Multiple Choice 
(Section A)
12. Spending too much time on this section and on each question.
Manage your time wisely and spend only about 45 minutes on Section A.
13. Not reading the question carefully and identifying what the question is asking for.
Read the question carefully. Ensure not only that your answer is correct, but also that the other options are wrong.
Free Response 
(Section B)
14. Incomplete answers, e.g. not answering in context, or not making comparisons.
15. Misconception/carelessness, due to not reading questions properly.
Where questions are split into parts, you must ensure that your answer for each subsequent part is consistent with the earlier parts of your answer.
Minimise careless mistakes by reading the question carefully and ensuring that you are answering the question. Your answers should always relate to the question and be given in the positive.
Carefully analyse all data given in the question, paying attention to trends in data and axes of graphs. Your answers should relate to the data provided in the question.

Friday, September 8, 2017

Rules For My Son

1. Never shake a man’s hand sitting down.

2. There are plenty of ways to enter a pool. The stairs ain’t one.

3. The man at the grill is the closest thing we have to a king.

4. In a negotiation, never make the first offer.

5. Act like you’ve been there before. Especially in the end zone.

6. Request the late check-out.

7. When entrusted with a secret, keep it.

8. Hold your heroes to a higher standard.

9. Return a borrowed car with a full tank of gas.

10. Don’t fill up on bread.

11. When shaking hands, grip firmly and look him in the eye.

12. Don’t let a wishbone grow where a backbone should be.

13. If you need music on the beach, you’re missing the point.

14. Carry two handkerchiefs. The one in your back pocket is for you. The one in your breast pocket is for her.

15. You marry the girl, you marry her whole family.

16. Be like a duck. Remain calm on the surface and paddle like crazy underneath.

17. Experience the serenity of traveling alone.

18. Never be afraid to ask out the best looking girl in the room.

19. Never turn down a breath mint.

20. In a game of HORSE, sometimes a simple free throw will get ’em.

21. A sport coat is worth 1000 words.

22. Try writing your own eulogy. Never stop revising.

23. Thank a veteran. And then make it up to him.

24. If you want to know what makes you unique, sit for a caricature.

25. Eat lunch with the new kid.

26. After writing an angry email, read it carefully. Then delete it.

27. Ask your mom to play. She won’t let you win.

28. See it on the big screen.

29. Give credit. Take the blame.

30. Write down your dreams.

Tuesday, August 22, 2017

Starting Primary School: What every parent should know

Big day, big feelings. Find out how you can help your child get school-ready for their first year.

 The first day of school is a big occasion, not just for your little one, but for mum and dad too. That initial step into ‘’big school’’ can be extremely nerve-racking but with the right approach, you can help make it, and the days after, enjoyable and memorable for the whole family.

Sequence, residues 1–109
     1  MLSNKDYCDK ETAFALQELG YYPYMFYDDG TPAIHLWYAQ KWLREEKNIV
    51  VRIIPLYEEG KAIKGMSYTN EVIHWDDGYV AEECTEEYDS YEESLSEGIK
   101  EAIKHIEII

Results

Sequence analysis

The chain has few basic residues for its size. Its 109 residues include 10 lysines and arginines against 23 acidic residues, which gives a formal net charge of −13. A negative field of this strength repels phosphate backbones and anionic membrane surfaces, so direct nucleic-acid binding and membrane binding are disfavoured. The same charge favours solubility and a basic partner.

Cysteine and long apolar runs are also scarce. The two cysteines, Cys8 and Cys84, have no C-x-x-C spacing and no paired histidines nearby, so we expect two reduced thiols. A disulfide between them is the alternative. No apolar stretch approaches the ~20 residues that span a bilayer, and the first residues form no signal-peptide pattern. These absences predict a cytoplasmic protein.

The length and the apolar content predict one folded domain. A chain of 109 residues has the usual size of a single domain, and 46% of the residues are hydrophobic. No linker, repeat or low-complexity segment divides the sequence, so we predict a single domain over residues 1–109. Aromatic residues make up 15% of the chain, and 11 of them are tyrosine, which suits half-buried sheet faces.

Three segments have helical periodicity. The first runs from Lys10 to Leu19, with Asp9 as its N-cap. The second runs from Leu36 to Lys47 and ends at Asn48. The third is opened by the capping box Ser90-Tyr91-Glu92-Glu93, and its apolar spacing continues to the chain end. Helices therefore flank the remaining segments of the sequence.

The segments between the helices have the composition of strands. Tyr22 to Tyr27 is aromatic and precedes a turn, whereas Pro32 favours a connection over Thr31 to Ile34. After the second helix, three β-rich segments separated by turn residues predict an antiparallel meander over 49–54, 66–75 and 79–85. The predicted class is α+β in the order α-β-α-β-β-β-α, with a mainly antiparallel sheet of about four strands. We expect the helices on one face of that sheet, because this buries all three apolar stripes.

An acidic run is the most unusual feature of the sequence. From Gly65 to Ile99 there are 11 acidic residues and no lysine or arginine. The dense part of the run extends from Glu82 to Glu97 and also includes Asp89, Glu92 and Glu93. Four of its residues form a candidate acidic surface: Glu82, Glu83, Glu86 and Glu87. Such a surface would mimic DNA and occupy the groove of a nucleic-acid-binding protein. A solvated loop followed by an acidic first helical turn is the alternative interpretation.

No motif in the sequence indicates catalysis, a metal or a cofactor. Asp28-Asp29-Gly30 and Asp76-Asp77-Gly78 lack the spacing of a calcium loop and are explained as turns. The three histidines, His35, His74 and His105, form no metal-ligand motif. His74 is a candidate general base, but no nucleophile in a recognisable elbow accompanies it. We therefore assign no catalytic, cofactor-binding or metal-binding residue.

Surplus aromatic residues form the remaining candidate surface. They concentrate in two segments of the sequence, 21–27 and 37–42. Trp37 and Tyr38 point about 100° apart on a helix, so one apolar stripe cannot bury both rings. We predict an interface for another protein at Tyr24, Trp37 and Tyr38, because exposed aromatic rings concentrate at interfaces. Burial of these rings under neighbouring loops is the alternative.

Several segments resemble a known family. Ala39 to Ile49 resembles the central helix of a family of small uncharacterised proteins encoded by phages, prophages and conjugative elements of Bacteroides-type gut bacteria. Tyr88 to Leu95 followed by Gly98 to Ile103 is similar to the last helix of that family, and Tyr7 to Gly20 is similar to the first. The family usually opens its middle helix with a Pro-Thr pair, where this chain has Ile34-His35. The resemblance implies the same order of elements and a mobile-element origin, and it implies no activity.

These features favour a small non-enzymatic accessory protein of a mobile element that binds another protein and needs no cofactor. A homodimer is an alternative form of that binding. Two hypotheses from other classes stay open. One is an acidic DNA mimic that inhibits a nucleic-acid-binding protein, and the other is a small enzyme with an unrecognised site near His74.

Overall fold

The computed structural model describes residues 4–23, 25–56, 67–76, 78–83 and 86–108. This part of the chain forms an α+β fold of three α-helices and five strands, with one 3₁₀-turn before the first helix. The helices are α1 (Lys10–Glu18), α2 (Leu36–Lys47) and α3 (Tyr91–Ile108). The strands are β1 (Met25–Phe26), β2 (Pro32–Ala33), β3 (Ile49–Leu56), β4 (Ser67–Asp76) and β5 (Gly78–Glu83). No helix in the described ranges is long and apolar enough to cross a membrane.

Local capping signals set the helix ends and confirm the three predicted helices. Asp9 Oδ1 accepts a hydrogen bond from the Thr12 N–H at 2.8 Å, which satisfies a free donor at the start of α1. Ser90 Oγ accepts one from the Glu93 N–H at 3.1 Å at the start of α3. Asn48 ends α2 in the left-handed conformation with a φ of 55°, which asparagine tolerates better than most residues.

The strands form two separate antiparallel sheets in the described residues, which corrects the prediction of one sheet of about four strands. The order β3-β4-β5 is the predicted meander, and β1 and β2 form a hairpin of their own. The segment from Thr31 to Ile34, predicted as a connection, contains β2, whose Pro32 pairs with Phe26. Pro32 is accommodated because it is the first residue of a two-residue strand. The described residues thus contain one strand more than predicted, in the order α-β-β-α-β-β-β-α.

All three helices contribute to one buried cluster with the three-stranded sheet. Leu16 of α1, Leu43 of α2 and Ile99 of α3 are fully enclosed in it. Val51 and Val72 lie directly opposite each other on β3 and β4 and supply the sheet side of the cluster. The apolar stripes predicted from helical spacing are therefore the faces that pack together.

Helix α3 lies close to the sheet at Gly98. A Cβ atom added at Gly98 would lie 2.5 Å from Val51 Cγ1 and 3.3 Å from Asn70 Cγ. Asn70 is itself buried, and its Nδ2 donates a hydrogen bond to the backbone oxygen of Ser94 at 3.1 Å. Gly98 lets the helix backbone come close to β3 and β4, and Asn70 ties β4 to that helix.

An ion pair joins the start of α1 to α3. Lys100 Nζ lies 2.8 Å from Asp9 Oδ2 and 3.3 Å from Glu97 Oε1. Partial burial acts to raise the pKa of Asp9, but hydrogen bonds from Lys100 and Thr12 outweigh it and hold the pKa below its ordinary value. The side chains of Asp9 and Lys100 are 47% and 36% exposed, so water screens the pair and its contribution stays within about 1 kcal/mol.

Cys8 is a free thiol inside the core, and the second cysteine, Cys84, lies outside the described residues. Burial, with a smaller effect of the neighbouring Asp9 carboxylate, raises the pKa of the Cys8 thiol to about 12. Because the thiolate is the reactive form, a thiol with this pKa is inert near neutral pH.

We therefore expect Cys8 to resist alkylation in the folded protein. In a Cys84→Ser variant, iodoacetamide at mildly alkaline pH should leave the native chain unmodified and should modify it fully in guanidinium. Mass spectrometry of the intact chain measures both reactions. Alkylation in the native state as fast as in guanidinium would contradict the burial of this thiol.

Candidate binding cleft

In the first five years, 90% of brain development occurs1, making it an incredibly important time to lay the foundation for learning. When your little pioneer starts primary school, they benefit from years of good nutrition and stimulation in their earlier childhood. Starting primary school is when they can put everything they have learned into practice, and you should start to see rapid development as they are exposed to an entirely new environment. Nutrition and parental stimulation are as important as ever at this stage, and you can play a crucial role in supporting your child’s learning journey.
Read on to find out how you can help your child ace their first day at school and beyond.
The First Days: Overcoming Separation Anxiety
Clinging, crying and screaming. It’s a common scene when pre-schoolers enter school for the first time. For first-time mothers, don’t fret! Separation anxiety is a normal part of a child’s development2. Young children form a strong bond with their parents, so it’s natural that they will be reluctant to let go of feelings of familiarity, particularly when they enter an entirely new environment like a classroom.3
To help your child prepare for this big change, try taking your child to visit the school they will be attending before the first day of school. Let them choose their own school bag and water bottle to get them excited about school and set up a school-style play area at home to ease them into a school routine4.
Nutrition Tip!
5Did you know constant snacking prevents your child from recognising their own feelings of hunger and fullness? Help get your child into a healthy nutritional routine before they start school by following a few simple steps!
  1. Start transitioning your child into a new nutritional routine at least two weeks before they start school
  2. As school approaches, try introducing a healthy breakfast routine, ideally at the same time each morning
  3. Cut back on fruit juices and introduce protein into your child’s diet to set them up for the day ahead
  4. When school starts, implement a regular dinner and bed-time routine
This will ensure your kids are eating familiar foods and follow healthy eating patterns!6

The First Weeks: Learning New Lessons
Your child’s first few weeks at school is a key period for their cognitive, motor, emotional and communication development to evolve. It will be an exciting time for the whole family as your child starts their education. The skills and subjects learned over the following months will set your child up for a lifetime of learning7.